Commercial Appeal [link]
June 27, 2007

Although a group of protesters showed up at Memphis City Hall last week to raise questions about Beale Street Landing, the proverbial boat had already left the dock.

City Council members weren't inclined to change their minds about the $29 million project, which means construction work on the boat dock/park is expected to begin during the fiscal year that starts July 1.

After a lengthy debate about the project, council members decided it would be a good addition to the city's riverfront. But their involvement shouldn't end there.

If they want to avoid repeating some past mistakes or possibly making new ones, they need to take their oversight role regarding Beale Street Landing very seriously.

They should carefully scrutinize everything from the project's financing to the design plans to the progress of the actual construction work. They shouldn't be lulled into abdicating that responsibility in exchange for vague assurances that everything will work out well in the end.

That wasn't the case with the expansion of the Cook Convention Center, which cost more than twice as much as expected largely because there wasn't adequate oversight during that project's planning and design phase. Building and maintaining a facility that's subject to the Mississippi River's changing water levels won't be easy, either.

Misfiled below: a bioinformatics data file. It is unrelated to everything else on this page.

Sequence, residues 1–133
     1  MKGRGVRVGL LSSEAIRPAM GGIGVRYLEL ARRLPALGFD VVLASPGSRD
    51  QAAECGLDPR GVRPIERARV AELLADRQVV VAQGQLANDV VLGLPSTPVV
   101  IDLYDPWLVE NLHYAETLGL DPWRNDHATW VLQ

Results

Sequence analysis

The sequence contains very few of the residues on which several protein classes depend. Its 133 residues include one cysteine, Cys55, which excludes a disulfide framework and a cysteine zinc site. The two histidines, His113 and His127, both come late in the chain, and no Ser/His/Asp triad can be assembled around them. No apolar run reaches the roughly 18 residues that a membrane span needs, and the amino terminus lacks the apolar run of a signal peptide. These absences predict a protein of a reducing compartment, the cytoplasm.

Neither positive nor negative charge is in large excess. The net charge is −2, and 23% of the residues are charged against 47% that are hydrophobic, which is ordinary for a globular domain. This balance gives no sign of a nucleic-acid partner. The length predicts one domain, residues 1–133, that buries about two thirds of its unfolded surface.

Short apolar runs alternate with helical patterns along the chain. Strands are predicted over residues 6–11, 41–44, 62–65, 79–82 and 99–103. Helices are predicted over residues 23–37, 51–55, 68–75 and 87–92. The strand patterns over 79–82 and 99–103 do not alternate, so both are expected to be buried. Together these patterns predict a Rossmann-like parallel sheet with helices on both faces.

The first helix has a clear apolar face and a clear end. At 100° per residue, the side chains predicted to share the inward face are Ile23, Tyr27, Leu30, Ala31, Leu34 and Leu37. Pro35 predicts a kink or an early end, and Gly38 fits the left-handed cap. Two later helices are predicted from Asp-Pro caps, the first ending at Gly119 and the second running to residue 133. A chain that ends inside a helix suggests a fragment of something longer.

More oversight might have also helped with FedExForum, in which grant funds were improperly spent on a parking garage -- a mistake that eventually cost the city $6.3 million worth of federal funds for future projects. It's worth noting that the Beale Street Landing will rely heavily on state and federal dollars for its financing, too.

Closer oversight into a $1.5 billion bond deal involving the Memphis Light, Gas and Water Division might have headed off some of the controversy about a transaction in which some of Mayor Willie Herenton's political supporters benefited financially. Who will profit from Beale Street Landing? That remains to be seen.

Closer oversight might also have been beneficial on the Memphis Networx deal, which now has some council members trying to figure out how $28.6 million of MLGW ratepayer money was spent on a financially unsuccessful telecom venture.

Maybe none of those types of issues will crop up with Beale Street Landing. Maybe new issues will.

But if council members want to avoid being blind-sided by whatever challenges might arise, they should stay engaged with this project.

Ignoring the details could allow the worst fears of the project's critics to come true.

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Monday, May 28, 2007

Editorial: More confusion at the fairgrounds

Commercial Appeal [link]
May 28, 2007

It didn't seem possible, but the redevelopment planning process for the Mid-South Fairgrounds got even more muddled last week.

Prominent local developer Henry Turley appeared before the Shelby County legislative delegation to push for a bill to designate the fairgrounds area as a "tourist development zone."

That designation would allow state sales tax revenue collected within the zone to be used to pay for public improvements at the fairgrounds.

Which would be awfully convenient for Turley and his business partners, who hope to be selected by the city as "master developers" for the 170-acre complex.